In any case, if you are facing a DEA inspection or investigation, you need to take your situation very seriously. These inquiries have the potential to lead to several adverse outcomes. For example, one possibility is that the DEA could issue a “show cause” order requiring you to provide justification for why your renewal application should not be denied.

If a DEA inspection or investigation uncovers evidence of violations of the Controlled Substances Act (CSA), Drug Supply Chain Security Act (DSCSA), the DEA’s Electronic Prescriptions for Controlled Substances (EPCS) regulations, or any other pertinent sources of statutory or regulatory authority, the DEA may ask you to surrender your registration. It may also suspend or revoke your registration outright. These types of violations can potentially lead to civil or criminal charges as well—and DEA violations can also trigger disciplinary action by a physician’s state medical licensing board.

Protecting Your DEA Registration and Ability to Prescribe Controlled Substance Medications

With these risks in mind, as a physician, it is important to take proactive steps to protect your ability to prescribe during the DEA renewal process. Some examples of these steps include:

  • File Your DEA Renewal Application At Least 45 Days Before Your Current Registration Expires – As long as you file your DEA 224a form 45 days (or more) before your current registration expires, you will receive an automatic registration extension in the event that it takes more than 45 days for the DEA to approve your renewal.
  • Consult with a Lawyer if You File for Renewal Fewer Than 45 Days Before Your Pending DEA Expiration Date – If you file for renewal fewer than 45 days before your pending DEA expiration date, you will not receive the automatic extension. This means that you could lose your ability to prescribe when your current registration expires. In this scenario, you will want to hire a lawyer to request an extension from the DEA.
  • Consult with a Lawyer if the DEA Renewal Process Takes More Than Six Weeks – Since the DEA registration renewal process usually takes about four to six weeks, you should consult with a lawyer if the process extends beyond this time period. Even if you received an automatic extension that allows you to continue prescribing, you will want to address any issues with your renewal—and you will also want to find out if the DEA is conducting an inspection or investigation.

FAQs: Protecting Your Ability to Prescribe During the DEA Renewal Process

Do I Need to Be Concerned About Losing My Ability to Prescribe During the DEA Renewal Process?


While most physicians won’t lose their ability to prescribe during the DEA renewal process, this is a possibility with every renewal. If you wait too long to file your renewal application, or if the DEA rejects your renewal application for any reason, you could lose your ability to prescribe—either temporarily or permanently.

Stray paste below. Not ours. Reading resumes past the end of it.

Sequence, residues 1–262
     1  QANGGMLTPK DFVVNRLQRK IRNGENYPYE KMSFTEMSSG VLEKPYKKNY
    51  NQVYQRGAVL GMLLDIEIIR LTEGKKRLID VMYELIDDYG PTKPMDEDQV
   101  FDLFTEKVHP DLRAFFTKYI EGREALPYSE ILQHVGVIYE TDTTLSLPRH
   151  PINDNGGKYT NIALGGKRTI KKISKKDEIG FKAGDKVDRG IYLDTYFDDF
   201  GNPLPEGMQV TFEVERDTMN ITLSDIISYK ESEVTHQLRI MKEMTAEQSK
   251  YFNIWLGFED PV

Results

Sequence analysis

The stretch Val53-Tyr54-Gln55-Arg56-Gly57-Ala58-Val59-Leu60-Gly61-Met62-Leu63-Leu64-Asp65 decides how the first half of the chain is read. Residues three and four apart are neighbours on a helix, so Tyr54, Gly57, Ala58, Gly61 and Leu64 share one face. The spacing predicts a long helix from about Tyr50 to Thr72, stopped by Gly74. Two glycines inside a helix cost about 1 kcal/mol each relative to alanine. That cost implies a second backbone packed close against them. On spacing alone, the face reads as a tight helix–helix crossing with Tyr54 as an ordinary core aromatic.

How Can I Avoid Losing My Ability to Prescribe During the DEA Renewal Process?


One of the simplest ways to avoid losing your ability to prescribe is by filing your renewal application at least 45 days before your current registration expiration date. This provides an automatic extension in the event that the renewal process takes more than 45 days. But, you must be sure to properly complete the renewal application as well, and you must be prepared to promptly address any inquiries from the DEA.

Why is the DEA Conducting an Inspection or Investigation During My Renewal?


The DEA conducts inspections and investigations to assess prescribers’ compliance with the Controlled Substances Act and other pertinent sources of authority. In some cases, it chooses prescribers at random. In others, it chooses to conduct an inspection or investigation based on information contained in a prescriber’s renewal application or received from third parties.

Do I Need a Lawyer to File for DEA Renewal?


While many physicians handle their DEA renewals on their own, hiring a lawyer helps to mitigate the risk of unnecessary delays and denials. Additionally, in the event that the DEA conducts an inspection or investigation, having a lawyer who is familiar with your renewal application and registration history can help facilitate a swift and favorable resolution.

Do I Need a Lawyer for a DEA Inspection or Investigation?


If you face a DEA inspection or investigation during the registration renewal process, you should contact a lawyer right away. These inquiries present several significant risks, and it will be important for you to have experienced legal representation.

Speak with a DEA Compliance and Defense Lawyer at Oberheiden P.C.

Do you have questions or concerns about the DEA registration renewal process? If so, we invite you to get in touch. Please call 888-680-1745 or contact us online to arrange a complimentary consultation.